Dave had an equally tough time, landing out low down, staggering back
up the hill and taking off a second time to make 38.2k. He even managed
to fly to another South Wales site, where he was accosted by the locals
wanting to know how to thermal.
Keith flew for the team on Sunday and after scratching on the hill, climbed
out to make 18k. I went last and scratched for endless minutes before
making it to cloud base, achieving 29.6k. Again the reserves had several
flights on the hill before flying down to the pub.
I'm not sure what the final scores will be as they weren't posted when we left Wales last night (www.flybcc.co.uk), but I think the team did really well, achieving personal bests and having some epic flights. All made possible must I add by our retrieve driver Andrea and "the van".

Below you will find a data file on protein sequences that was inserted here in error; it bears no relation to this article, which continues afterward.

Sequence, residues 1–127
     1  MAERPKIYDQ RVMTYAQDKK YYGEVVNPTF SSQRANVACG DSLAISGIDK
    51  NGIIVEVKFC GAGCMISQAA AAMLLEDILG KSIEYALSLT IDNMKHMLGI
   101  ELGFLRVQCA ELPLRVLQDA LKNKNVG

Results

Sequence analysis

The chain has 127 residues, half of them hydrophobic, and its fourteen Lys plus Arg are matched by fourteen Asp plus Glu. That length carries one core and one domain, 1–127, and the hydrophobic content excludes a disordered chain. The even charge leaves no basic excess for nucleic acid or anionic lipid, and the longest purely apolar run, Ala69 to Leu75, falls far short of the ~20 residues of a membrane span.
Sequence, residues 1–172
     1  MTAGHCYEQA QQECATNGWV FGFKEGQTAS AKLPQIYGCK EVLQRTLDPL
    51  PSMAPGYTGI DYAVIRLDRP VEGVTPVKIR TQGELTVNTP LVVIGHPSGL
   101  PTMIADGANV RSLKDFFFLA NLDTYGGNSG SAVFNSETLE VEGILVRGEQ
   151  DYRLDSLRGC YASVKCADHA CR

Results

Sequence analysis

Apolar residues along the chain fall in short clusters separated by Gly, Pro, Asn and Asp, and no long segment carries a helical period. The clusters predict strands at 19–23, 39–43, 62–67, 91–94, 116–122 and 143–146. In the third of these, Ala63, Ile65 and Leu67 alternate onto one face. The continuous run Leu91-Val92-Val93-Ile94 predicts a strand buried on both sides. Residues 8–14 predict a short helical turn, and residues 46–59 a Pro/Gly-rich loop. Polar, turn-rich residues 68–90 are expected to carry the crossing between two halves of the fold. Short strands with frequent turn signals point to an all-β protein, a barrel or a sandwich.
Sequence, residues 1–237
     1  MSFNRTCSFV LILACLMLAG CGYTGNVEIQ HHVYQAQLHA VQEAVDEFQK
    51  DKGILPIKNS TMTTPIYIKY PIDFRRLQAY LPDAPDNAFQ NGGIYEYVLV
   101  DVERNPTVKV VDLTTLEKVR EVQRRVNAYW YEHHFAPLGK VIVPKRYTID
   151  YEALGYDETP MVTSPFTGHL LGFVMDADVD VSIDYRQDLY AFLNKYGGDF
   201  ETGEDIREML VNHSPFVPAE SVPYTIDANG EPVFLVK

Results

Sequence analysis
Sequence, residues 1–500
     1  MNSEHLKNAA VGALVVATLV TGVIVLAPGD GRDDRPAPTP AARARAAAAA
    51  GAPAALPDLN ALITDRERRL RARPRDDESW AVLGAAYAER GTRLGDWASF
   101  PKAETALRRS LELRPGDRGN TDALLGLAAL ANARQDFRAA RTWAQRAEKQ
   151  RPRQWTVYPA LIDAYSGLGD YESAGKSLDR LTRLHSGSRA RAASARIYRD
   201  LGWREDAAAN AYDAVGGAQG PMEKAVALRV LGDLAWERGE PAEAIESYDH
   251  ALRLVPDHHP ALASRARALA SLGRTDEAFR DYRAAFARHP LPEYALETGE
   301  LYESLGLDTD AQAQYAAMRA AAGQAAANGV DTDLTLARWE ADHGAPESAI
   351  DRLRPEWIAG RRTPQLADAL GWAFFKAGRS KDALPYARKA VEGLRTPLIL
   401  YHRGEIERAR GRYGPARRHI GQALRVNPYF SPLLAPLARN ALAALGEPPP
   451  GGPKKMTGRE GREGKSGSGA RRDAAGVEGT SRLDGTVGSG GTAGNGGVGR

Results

Andrea drove for 4 hours on both Saturday and Sunday, retrieving pilots
scattered across the welsh valleys, some at the top, others at the bottom
and also those who didn't have a clue where they were. I'd like to say
a huge thank you on behalf of the team to Andrea for her patience and
navigation skills as I think without both, some of us would still be trying
to find our way home.
Next week, BCC is in Derbyshire, so get in touch with Keith Wright (email@example.com tel 01202 691 599) and volunteer your services. The competition is low-key and fun and anyone can take part. So if you went to listen to the XC panel last week, dust off your kit, put new batteries in your vario and radio, get a weekend pass and put your thermalling skills into practice, your club needs you.
Sun 3 July 2005
Report by Neil Weymouth
Excellent afternoon at St.A, lifty and scenic, 170m ATO. Easy crossings